Federal Leasing Ban Discussion Woefully Overlooks New Mexico

A pledge from Presidential candidate Joe Biden to ban federal leasing operations – the practice of auctioning off access to federal parcels of lands for oil and natural gas production – has rightfully drawn the ire of political pundits and industry workers across the Rust Belt and in states like North Dakota.

The discussion and calculus of a federal leasing ban has woefully overlooked New Mexico, a burgeoning energy hub for the United States and one that would economically suffer under Biden’s ban. Moreover, the complexity of the issue goes beyond energy production numbers and extends well into the realm of state budgets, public services, and tax revenue generation.

New Mexico House of Representatives member Kelly Fajardo summated these considerations in a recent Albuquerque Journal piece worth highlighting; she notes:

“Former Vice President Joe Biden’s plan to make millions of energy-rich acres controlled by the Bureau of Land Management off limits to exploration and extraction would do more harm than good here in New Mexico. It would suppress job creation and economic growth as well as deprive our state of much-needed revenue for things like education, health care and public safety. It would also ironically undermine Biden’s ultimate goal to reduce emissions linked to climate change by bringing higher-emitting fuel sources like coal back onto the American energy market.”

This is, of course, correct. According to the Energy Information Administration, New Mexico more than doubled its annual crude oil production from 2013 to 2018, enough to make it the nation’s third largest oil producer in 2018. The state is also a top natural gas producer and sits atop as much as 5% of the nation’s proved gas reserves. The kicker is that more than 30% of the state’s land is federally controlled.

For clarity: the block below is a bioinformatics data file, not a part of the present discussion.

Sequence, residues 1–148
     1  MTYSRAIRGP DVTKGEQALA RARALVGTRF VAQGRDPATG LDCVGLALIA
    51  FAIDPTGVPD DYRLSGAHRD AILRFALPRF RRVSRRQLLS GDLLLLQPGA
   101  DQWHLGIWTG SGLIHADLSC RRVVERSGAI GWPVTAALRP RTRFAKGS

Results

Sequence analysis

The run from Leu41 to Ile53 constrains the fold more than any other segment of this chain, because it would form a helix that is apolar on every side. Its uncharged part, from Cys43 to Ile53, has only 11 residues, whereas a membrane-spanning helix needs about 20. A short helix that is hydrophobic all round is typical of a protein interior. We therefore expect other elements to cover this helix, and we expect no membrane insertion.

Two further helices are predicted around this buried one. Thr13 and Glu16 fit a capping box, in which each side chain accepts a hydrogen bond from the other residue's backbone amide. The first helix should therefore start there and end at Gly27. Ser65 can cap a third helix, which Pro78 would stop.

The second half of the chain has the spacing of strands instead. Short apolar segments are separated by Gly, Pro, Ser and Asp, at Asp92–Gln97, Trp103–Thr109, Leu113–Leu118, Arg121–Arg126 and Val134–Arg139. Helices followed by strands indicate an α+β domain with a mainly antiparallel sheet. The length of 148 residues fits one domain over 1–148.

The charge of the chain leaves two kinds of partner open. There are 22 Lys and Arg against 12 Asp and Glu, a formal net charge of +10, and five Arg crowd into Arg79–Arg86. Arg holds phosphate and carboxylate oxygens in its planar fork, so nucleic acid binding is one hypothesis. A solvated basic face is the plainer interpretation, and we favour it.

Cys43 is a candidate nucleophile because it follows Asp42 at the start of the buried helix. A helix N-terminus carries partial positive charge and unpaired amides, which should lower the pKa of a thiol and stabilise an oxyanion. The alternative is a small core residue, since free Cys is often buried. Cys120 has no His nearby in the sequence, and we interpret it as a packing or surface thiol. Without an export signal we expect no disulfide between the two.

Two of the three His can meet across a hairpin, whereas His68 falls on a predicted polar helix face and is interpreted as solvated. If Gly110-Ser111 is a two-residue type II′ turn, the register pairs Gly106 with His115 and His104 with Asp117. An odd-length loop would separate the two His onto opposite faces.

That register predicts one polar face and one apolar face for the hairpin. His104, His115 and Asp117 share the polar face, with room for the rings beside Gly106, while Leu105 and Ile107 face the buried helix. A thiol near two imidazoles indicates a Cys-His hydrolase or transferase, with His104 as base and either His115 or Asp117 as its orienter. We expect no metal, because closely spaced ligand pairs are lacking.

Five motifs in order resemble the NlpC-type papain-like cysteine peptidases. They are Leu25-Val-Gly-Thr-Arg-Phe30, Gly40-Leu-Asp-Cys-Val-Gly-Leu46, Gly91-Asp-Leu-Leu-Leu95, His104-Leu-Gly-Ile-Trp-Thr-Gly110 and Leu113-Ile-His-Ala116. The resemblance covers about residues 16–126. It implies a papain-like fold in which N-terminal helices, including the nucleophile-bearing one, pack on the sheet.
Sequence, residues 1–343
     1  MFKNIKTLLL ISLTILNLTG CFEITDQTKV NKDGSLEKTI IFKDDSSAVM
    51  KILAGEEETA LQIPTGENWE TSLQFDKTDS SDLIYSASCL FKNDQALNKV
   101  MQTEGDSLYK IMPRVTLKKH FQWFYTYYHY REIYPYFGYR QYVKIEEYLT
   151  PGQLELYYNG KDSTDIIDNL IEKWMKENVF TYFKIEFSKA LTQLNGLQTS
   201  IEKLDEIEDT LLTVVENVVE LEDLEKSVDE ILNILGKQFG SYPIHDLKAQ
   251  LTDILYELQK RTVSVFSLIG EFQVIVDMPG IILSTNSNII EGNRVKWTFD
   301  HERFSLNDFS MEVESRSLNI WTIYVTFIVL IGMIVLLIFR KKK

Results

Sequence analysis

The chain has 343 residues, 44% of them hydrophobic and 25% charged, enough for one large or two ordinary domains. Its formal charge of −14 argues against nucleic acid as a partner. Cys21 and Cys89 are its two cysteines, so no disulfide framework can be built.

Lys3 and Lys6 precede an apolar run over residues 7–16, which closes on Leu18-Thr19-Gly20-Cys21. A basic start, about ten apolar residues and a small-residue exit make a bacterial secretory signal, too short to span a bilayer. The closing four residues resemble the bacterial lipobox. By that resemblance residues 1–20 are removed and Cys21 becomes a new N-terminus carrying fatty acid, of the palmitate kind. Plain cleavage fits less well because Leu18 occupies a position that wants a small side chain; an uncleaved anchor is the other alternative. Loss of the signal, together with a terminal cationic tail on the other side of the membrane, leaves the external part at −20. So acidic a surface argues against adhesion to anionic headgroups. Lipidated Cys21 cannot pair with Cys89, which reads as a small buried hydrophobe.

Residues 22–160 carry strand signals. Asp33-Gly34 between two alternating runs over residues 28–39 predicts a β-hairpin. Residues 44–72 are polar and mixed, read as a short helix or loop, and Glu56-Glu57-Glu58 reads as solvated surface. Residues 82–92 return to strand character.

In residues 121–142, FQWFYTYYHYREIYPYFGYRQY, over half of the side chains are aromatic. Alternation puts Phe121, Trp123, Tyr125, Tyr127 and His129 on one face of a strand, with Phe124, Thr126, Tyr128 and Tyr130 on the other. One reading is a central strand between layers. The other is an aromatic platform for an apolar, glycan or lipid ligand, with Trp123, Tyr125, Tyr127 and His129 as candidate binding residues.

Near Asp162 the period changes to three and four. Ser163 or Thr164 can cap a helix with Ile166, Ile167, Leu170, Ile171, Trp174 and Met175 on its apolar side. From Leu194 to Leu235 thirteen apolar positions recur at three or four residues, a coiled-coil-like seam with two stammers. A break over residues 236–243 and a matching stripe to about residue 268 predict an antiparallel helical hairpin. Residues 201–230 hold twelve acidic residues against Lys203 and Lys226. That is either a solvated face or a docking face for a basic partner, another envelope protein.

Representative Fajardo quantified the impact of a federal leasing ban, stating:

The potential economic benefits of tapping natural resources on this acreage are significant as the revenues generated through leasing, fees and production by private interests flow back to the American public. For example, in 2018, a single lease sale provided nearly a billion dollars – with nearly half of that money coming back to New Mexico and the other half going to the federal treasury, benefitting taxpayers across the country. Last year, New Mexico also received the highest disbursement of any state, $1.17 billion, which is also the largest allocation received in the state’s history. This money enabled communities in the state to provide critical services, improve schools and maintain infrastructure.

As you might imagine, elected officials from both parties are concerned about what a federal leasing ban could mean for New Mexico. These taxes and royalties account for 39% of the state’s annual budget, including over $1.4 billion for public schools.”

Far-fetched energy proposals like the Green New Deal, which the Biden campaign narrowly watered down for themselves, are untenable for production heavy states like New Mexico, Pennsylvania, and Ohio but also the country at large.

The Obama Administration supported an ‘all-of-the-above’ energy strategy that included not only investment in renewables but also cornerstone fuel sources like natural gas and oil. The Trump Administration has unleashed American natural resources with effective regulation – but many of the benefits would be washed away with a federal leasing ban, with consumers ultimately paying the price.

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